What would happen if Christians abandoned our cultural definition of “vocation” as our income-producing job and understood our very routine day-in-day-out life as our true vocation?
- How would employees behave if the CEO viewed the company as a ministry rather than “secular” work?
- What would the consumer experience if the retail salesperson understood meeting the customer’s need as her ministry rather than her marketplace job?
- What kind of students would emerge from the public school classroom if the teacher saw the opportunity to teach as ministering to the forming minds of future Christian leaders?
- Would the food taste better if it was served by someone who regarded that serving as ministering to the physical needs of others rather than just slinging burgers in a fast-food joint?
- Would young adults be better prepared for a life in Christ if their mom and dad held parenting as the deepest of ministries rather than a life-stage?
- How structurally sound would a building be if the contractor recognized drawing of the blueprint, the brick and mortar, the hammers and nails as tools God has given to accomplish His purpose?
What would your community look like if every believer you know lived their life as ministry–every waking, sleeping, eating, breathing moment? Sound too good to be true? Maybe. But it’s what we call forth every time we pray, “Thy kingdom come, thy will be done on earth as it is in heaven.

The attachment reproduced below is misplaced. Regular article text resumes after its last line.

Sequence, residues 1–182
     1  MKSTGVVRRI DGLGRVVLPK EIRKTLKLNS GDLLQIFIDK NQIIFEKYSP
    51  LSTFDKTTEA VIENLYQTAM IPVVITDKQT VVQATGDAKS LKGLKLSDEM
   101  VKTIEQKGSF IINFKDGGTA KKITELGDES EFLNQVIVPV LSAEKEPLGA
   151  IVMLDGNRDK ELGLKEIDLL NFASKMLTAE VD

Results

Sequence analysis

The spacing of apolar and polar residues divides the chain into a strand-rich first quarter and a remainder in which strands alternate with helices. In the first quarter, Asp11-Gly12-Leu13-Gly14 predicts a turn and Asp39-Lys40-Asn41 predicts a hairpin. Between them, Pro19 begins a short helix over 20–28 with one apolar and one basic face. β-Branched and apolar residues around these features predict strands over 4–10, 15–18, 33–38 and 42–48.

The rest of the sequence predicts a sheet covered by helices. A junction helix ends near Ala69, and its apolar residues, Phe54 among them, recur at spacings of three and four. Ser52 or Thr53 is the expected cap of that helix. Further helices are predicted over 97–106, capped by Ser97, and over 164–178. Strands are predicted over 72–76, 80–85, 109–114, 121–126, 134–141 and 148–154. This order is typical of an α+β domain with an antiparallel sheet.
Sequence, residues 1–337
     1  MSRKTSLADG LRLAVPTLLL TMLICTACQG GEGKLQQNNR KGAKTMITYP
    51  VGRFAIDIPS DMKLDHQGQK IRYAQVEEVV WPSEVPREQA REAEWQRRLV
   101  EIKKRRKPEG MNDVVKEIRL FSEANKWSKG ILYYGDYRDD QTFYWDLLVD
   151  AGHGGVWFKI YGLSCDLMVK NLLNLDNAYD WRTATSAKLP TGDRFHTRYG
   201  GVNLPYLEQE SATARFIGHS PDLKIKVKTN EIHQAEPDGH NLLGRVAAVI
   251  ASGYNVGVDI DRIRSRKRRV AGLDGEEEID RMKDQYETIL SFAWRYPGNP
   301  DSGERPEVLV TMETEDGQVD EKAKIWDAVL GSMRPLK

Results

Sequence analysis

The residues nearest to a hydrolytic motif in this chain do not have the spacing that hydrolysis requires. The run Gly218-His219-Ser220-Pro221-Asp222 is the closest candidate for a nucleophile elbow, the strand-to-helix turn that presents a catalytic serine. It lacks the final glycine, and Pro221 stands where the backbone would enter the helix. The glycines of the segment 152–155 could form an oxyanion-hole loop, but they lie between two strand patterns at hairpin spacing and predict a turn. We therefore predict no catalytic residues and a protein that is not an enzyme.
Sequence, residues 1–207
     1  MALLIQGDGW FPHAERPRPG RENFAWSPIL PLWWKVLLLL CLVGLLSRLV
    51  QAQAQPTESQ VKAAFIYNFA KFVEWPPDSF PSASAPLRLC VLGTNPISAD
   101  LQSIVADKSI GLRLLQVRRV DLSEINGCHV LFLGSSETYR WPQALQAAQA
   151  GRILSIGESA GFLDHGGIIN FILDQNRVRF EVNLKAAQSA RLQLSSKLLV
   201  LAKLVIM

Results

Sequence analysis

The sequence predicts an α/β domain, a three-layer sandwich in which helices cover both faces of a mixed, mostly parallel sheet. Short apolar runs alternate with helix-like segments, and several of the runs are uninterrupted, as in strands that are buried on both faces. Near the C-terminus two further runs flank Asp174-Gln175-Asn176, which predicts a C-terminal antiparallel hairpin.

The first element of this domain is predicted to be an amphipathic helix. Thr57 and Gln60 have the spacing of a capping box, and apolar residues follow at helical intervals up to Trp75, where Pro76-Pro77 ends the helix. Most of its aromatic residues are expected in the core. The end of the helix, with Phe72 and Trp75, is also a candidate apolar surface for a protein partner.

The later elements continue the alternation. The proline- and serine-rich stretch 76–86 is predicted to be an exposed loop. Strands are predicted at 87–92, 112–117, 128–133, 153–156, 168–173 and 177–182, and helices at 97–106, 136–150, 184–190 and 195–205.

Can you imagine what a difference it would make for the kingdom if there was no difference in the behavior of a Christian in the marketplace and that same Christian in their home, or church, or neighborhood? Christ’s reputation would surely be far less tarnished to the unbeliever. Would those who don’t yet believe be more attracted to Jesus if they observed real joy in those who profess Christ?
I slept and dreamt that life was joy.
I woke and saw that life was service. I acted, and, behold, service was joy. -Rabindranath Tagore
What would happen if we church leaders came to understand that our vocation is not only to lead others to salvation in Christ, but to guide them in understanding and claiming their true vocation: to serve Jesus by serving others. What would the world look like if every Christian caught the correlation between life and service and joy? Heaven on earth perhaps?
How are you helping those you shepherd see the ministry of everyday life, that they would live a life of ministry?